Lifestyle Disease Surveillance Using Population Search Behavior: Feasibility Study
Background: As the process of producing official health statistics for lifestyle diseases is slow, researchers have explored using Web search data as a proxy for lifestyle disease surveillance. Existing studies, however, are prone to at least one of the following issues: ad-hoc keyword selection, overfitting, insufficient predictive evaluation, lack of generalization, and failure to compare against trivial baselines.
Objective: The aims of this study were to (1) employ a corrective approach improving previous methods; (2) study the key limitations in using Google Trends for lifestyle disease surveillance; and (3) test the generalizability of our methodology to other countries beyond the United States.
Methods: For each of the target variables (diabetes, obesity, and exercise), prevalence rates were collected. After a rigorous keyword selection process, data from Google Trends were collected. These data were denormalized to form spatio-temporal indices. L1-regularized regression models were trained to predict prevalence rates from denormalized Google Trends indices. Models were tested on a held-out set and compared against baselines from the literature as well as a trivial last year equals this year baseline. A similar analysis was done using a multivariate spatio-temporal model where the previous year’s prevalence was included as a covariate. This model was modified to create a time-lagged regression analysis framework. Finally, a hierarchical time-lagged multivariate spatio-temporal model was created to account for subnational trends in the data. The model trained on US data was, then, applied in a transfer learning framework to Canada.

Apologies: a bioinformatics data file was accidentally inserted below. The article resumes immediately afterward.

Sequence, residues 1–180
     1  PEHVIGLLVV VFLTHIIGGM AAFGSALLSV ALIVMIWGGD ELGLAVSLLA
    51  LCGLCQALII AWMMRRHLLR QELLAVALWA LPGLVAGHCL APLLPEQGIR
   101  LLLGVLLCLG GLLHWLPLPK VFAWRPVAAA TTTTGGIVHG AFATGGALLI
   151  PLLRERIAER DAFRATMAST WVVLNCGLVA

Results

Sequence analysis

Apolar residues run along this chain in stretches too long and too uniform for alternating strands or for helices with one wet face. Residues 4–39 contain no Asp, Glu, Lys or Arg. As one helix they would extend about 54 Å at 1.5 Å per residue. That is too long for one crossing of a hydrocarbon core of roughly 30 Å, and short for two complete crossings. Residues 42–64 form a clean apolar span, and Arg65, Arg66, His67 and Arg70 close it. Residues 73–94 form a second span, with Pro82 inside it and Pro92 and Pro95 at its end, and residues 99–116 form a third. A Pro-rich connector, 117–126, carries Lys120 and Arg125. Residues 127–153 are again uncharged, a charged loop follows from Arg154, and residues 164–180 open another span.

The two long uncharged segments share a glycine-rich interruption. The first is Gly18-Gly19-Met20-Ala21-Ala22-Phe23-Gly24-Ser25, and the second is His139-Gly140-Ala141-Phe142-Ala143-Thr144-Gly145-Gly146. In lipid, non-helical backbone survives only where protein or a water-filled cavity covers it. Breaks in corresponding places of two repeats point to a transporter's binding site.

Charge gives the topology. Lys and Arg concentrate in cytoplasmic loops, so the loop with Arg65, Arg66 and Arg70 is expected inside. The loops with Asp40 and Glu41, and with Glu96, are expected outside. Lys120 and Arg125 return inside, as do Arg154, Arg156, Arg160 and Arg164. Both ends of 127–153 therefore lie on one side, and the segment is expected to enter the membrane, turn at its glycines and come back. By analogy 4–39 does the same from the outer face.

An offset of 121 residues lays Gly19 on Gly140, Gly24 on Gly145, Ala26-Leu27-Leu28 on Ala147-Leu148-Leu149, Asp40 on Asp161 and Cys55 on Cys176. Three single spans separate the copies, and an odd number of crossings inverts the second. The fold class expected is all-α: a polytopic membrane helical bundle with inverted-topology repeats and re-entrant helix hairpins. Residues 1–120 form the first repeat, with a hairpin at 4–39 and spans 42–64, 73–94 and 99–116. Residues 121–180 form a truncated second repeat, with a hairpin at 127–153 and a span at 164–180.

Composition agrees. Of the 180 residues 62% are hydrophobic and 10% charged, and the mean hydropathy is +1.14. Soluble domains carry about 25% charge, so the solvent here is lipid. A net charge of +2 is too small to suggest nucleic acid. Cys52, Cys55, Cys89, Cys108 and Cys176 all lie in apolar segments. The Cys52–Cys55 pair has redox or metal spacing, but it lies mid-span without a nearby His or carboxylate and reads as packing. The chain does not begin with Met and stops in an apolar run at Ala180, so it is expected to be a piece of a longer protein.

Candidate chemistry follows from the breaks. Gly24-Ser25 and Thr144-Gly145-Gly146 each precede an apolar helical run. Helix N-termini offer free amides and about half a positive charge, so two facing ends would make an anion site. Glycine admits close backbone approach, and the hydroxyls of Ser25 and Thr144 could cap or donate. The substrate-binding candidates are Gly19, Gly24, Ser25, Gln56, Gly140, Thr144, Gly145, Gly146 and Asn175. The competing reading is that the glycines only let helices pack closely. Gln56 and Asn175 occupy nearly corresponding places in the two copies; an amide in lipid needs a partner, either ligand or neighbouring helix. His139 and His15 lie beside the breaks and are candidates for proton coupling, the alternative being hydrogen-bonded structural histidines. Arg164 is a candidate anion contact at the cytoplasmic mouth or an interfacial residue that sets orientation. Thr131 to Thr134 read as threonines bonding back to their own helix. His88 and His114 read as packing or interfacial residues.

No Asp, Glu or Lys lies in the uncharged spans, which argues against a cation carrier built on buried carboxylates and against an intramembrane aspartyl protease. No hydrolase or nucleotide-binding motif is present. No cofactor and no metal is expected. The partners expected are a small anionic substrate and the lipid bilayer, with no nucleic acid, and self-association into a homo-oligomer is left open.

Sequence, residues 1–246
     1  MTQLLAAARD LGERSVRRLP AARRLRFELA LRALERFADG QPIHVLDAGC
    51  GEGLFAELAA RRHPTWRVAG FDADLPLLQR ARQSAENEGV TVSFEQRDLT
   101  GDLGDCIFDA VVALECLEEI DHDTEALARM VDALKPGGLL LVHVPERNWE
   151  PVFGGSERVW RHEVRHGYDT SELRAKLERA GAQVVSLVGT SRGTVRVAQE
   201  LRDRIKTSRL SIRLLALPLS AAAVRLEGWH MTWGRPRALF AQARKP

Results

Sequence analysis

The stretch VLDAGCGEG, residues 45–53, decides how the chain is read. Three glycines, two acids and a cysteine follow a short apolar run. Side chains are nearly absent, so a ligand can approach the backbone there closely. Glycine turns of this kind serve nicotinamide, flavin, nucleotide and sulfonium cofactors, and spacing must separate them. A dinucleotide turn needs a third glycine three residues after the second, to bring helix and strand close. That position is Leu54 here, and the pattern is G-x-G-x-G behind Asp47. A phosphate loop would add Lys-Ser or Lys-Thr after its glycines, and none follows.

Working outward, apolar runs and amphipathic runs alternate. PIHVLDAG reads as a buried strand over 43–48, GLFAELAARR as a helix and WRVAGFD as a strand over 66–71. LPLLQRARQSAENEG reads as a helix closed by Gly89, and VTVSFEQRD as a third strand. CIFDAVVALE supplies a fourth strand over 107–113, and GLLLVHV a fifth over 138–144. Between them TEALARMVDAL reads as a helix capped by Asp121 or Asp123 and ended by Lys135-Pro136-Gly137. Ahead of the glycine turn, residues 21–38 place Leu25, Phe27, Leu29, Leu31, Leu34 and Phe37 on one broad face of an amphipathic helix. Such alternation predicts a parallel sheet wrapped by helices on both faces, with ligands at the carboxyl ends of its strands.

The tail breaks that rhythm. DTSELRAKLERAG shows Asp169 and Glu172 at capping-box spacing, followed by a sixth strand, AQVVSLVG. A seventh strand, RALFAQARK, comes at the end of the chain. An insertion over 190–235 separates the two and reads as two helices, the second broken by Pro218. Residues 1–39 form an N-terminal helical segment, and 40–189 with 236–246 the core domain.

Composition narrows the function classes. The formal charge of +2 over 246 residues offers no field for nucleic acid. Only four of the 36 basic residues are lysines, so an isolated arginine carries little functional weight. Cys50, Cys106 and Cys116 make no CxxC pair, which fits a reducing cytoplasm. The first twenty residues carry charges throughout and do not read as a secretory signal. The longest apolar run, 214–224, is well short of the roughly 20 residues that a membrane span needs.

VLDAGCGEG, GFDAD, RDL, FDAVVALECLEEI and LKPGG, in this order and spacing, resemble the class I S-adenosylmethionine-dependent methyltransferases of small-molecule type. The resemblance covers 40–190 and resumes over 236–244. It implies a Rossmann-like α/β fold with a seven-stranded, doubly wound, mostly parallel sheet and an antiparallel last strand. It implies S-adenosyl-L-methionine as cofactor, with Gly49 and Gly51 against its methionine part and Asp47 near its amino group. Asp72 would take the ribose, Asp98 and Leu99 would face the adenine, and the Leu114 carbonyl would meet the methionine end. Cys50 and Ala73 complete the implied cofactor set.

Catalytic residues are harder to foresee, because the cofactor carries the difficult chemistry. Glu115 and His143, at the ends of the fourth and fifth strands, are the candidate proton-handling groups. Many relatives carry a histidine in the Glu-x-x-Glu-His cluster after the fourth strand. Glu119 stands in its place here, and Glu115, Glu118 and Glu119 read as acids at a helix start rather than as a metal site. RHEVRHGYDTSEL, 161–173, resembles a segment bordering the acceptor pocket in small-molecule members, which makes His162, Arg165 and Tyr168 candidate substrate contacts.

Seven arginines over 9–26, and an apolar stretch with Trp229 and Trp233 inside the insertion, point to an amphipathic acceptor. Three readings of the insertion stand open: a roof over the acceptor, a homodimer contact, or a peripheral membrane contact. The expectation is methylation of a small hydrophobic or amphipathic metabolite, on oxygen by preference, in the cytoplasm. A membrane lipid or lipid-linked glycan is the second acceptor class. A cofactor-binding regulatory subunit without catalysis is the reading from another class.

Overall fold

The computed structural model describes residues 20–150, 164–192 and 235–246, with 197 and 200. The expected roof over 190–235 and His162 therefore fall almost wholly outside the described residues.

Results: In the US context, our proposed models beat the performances of the prior work, as well as the trivial baselines. In terms of the mean absolute error (MAE), the best of our proposed models yields 24% improvement (0.72-0.55; P<.001) for diabetes; 18% improvement (1.20-0.99; P=.001) for obesity, and 34% improvement (2.89-1.95; P<.001) for exercise. Our proposed across-country transfer learning framework also shows promising results with an average Spearman and Pearson correlation of 0.70 for diabetes and 0.90 and 0.91 for obesity, respectively.